February 1, 2013
Guest: Paul Barrett
DAVE DAVIES, HOST: This is FRESH AIR. I'm Dave Davies; Terry Gross returns Monday. Senate hearings on gun control this week began with emotional testimony from former Congresswoman Gabrielle Giffords, who was injured in a mass shooting two years ago in Tucson. Her assailant, Jared Loughner, used a Glock pistol in that assault that killed six people and injured 14.
Today we're going to listen back to Terry's interview with Paul Barrett about the history of the Glock. Barrett's book describes how the high-capacity, Austrian-made pistol was introduced in the '80s, became the preferred gun for America's cops and for some mass killers.
The Glock was marketed to cops, Hollywood and individual gun buyers, and Barrett writes that the weapon actually benefitted from the 10-year ban on assault weapons. Barrett's an assistant manager editor and senior writer at Bloomberg Business Week. His book, called "Glock: The Rise of America's Gun," is now out in paperback. Terry spoke to him in January of last year.
TERRY GROSS, HOST: Paul Barrett, welcome to FRESH AIR. So if you think of the Glock as a celebrity within the gun world, what is it most famous for?
PAUL BARRETT: It's most famous for its dark glamour. It's a gun that's been associated with mass murders, such as the shooting in Tucson. It's a gun that has appeared countless times in Hollywood thrillers, and it's a gun you see every day in police procedurals on television. So I think that's the way most people would identify with it.
GROSS: But real law enforcement agencies use it, too. Give us a sense of who, like which.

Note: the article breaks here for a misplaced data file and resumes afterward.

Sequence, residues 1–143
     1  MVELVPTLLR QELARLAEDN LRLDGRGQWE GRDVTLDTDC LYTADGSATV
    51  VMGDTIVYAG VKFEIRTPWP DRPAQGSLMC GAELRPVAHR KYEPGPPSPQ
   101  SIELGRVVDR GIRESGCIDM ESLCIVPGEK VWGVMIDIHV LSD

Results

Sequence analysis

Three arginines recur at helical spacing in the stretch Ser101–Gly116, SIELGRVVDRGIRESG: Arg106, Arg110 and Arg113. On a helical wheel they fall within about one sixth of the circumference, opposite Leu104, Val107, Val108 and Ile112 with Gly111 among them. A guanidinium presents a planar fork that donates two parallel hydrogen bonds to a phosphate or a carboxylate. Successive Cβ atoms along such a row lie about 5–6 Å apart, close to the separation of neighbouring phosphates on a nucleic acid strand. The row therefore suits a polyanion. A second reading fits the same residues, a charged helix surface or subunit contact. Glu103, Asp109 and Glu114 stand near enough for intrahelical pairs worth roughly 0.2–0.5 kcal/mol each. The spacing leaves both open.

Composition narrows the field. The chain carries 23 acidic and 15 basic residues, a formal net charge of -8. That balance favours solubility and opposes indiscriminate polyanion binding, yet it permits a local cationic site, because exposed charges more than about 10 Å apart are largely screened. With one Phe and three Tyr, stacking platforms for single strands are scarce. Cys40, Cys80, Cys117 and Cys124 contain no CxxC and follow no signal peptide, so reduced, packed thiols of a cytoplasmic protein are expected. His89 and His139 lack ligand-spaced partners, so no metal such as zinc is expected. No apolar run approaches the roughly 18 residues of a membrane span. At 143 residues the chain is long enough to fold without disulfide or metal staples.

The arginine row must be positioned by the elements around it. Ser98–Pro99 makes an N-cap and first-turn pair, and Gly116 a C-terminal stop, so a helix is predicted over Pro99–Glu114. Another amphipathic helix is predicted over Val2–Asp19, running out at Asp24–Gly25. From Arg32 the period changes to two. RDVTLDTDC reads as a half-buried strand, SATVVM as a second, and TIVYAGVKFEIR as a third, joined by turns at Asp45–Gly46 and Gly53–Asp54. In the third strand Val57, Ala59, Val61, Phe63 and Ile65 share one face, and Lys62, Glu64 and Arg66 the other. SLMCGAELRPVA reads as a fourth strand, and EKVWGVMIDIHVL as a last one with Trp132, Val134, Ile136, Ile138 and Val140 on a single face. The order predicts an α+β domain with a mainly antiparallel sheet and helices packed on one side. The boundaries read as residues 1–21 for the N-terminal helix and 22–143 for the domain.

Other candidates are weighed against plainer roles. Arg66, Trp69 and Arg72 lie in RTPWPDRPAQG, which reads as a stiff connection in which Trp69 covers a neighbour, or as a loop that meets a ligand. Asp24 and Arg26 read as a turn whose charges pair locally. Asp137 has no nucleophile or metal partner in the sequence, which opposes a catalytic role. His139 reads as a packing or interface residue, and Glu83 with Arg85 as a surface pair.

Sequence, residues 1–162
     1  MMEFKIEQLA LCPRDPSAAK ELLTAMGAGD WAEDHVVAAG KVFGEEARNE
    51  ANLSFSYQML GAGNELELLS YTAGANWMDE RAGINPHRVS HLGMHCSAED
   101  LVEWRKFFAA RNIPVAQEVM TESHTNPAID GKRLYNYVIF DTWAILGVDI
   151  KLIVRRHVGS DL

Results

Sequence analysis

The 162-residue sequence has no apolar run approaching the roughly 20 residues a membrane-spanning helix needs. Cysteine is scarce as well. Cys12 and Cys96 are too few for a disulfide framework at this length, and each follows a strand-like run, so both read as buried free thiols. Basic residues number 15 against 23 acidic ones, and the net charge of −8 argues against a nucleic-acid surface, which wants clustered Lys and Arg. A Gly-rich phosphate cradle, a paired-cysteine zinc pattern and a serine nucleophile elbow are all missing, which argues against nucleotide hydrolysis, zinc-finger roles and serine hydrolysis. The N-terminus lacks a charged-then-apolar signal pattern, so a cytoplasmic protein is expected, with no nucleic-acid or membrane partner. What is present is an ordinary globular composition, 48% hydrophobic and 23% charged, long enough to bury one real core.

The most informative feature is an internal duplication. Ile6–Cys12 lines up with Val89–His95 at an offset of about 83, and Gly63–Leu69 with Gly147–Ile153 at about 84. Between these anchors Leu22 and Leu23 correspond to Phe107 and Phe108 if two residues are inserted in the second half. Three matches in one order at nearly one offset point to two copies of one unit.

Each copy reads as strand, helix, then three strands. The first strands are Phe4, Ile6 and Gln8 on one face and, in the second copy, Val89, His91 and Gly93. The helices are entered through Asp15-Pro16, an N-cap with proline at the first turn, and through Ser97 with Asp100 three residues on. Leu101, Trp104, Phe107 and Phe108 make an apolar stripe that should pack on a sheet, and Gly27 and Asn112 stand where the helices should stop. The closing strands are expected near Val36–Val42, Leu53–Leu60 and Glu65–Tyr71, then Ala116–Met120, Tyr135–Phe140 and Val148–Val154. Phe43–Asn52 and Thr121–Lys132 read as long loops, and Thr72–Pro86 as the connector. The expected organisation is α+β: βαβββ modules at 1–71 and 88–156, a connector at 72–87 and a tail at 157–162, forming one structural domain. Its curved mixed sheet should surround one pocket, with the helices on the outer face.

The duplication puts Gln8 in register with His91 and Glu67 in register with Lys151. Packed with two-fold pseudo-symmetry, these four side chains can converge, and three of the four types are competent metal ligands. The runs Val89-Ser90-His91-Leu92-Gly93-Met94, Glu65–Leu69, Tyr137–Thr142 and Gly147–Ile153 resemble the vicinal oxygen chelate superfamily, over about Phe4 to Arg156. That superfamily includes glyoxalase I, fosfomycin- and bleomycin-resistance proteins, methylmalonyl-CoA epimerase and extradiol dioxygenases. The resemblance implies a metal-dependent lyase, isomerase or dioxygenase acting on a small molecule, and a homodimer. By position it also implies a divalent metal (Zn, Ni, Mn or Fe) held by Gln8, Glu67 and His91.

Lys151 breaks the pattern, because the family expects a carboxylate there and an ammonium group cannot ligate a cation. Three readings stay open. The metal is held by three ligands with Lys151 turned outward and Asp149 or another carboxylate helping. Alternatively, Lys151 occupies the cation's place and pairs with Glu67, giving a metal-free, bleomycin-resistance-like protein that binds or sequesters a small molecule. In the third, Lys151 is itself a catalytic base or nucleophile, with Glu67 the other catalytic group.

BARRETT: Right, that's exactly right. The thing about the Glock is it's both image, and it's reality. About two-thirds of all police departments across the United States authorize and purchase the Glock. These are departments such as the New York Police Department, the largest in the country, and federal agencies like the FBI, the DEA, Customs Service. The Glock has truly become the dominant law enforcement handgun in the United States.
GROSS: Does the Defense Department use it for anything?
BARRETT: Yes. Beretta, the Italian company, has the main contract with the big Army, with the main part of the U.S. Army. However, a number of elite units, Special Operations units, prefer the Glock. They're allowed to buy their own weapons, and they've purchased the Glock. Beretta got in before Glock really got off the ground, and at some point in the future I expect Glock will present quite a challenge to Beretta for the main Pentagon contract.
GROSS: So when the Glock was first manufactured, and this is, what, 1982...
GROSS: ...what made it different from other guns?
BARRETT: Well, Gaston Glock, the Austrian curtain rod maker who invented the Glock, started with a genius approach, which is to say he started from scratch, a blank piece of paper. And he asked gun experts: What would be the ideal firearm for the modern era? And they said a gun with much larger ammunition capacity, a gun that is much more durable and reliable.
And so that prompted him to think about injection-molded plastic rather than the traditional materials of blued steel and walnut grips. The gun should be easy to fire, and the gun should be easy to learn how to use. It shouldn't have complicated safety mechanisms.
He integrated all of these elements into the Glock, and that's how he won his original contract with the Austrian army.
GROSS: So because it was made out of - largely made out of plastic and not steel, it was lighter to carry, which was an advantage.
GROSS: And it wasn't going to rust.
GROSS: And it didn't have a safety lock.
BARRETT: It doesn't have an external safety of the traditional sort that a semiautomatic pistol will have. It also doesn't have a so-called de-cocking mechanism, which some guns, like, for example, the Beretta that we mentioned earlier has. These features make it more similar to a traditional revolver in that you just pull it out, you point it, and you pull the trigger, and it's ready to go.